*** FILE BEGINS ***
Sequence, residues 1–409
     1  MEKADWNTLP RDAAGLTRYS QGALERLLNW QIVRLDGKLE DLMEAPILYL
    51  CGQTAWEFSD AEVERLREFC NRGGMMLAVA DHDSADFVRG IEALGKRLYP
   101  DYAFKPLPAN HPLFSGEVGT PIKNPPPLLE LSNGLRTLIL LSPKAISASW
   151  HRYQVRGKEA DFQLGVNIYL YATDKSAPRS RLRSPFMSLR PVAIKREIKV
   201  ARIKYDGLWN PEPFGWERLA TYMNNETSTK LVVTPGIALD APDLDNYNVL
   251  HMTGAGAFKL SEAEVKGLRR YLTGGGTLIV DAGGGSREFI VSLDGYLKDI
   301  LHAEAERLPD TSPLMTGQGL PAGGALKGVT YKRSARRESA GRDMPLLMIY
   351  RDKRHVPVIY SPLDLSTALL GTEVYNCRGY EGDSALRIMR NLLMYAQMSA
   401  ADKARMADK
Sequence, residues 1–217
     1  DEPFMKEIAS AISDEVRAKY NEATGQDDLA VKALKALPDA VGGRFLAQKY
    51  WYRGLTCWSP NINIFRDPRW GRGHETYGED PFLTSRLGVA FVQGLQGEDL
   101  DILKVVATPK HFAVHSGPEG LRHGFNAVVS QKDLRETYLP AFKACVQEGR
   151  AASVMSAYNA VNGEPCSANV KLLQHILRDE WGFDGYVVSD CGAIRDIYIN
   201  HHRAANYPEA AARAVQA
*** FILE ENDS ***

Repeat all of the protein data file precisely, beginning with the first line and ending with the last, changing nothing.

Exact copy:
Sequence, residues 1–409
     1  MEKADWNTLP RDAAGLTRYS QGALERLLNW QIVRLDGKLE DLMEAPILYL
    51  CGQTAWEFSD AEVERLREFC NRGGMMLAVA DHDSADFVRG IEALGKRLYP
   101  DYAFKPLPAN HPLFSGEVGT PIKNPPPLLE LSNGLRTLIL LSPKAISASW
   151  HRYQVRGKEA DFQLGVNIYL YATDKSAPRS RLRSPFMSLR PVAIKREIKV
   201  ARIKYDGLWN PEPFGWERLA TYMNNETSTK LVVTPGIALD APDLDNYNVL
   251  HMTGAGAFKL SEAEVKGLRR YLTGGGTLIV DAGGGSREFI VSLDGYLKDI
   301  LHAEAERLPD TSPLMTGQGL PAGGALKGVT YKRSARRESA GRDMPLLMIY
   351  RDKRHVPVIY SPLDLSTALL GTEVYNCRGY EGDSALRIMR NLLMYAQMSA
   401  ADKARMADK
Sequence, residues 1–217
     1  DEPFMKEIAS AISDEVRAKY NEATGQDDLA VKALKALPDA VGGRFLAQKY
    51  WYRGLTCWSP NINIFRDPRW GRGHETYGED PFLTSRLGVA FVQGLQGEDL
   101  DILKVVATPK HFAVHSGPEG LRHGFNAVVS QKDLRETYLP AFKACVQEGR
   151  AASVMSAYNA VNGEPCSANV KLLQHILRDE WGFDGYVVSD CGAIRDIYIN
   201  HHRAANYPEA AARAVQA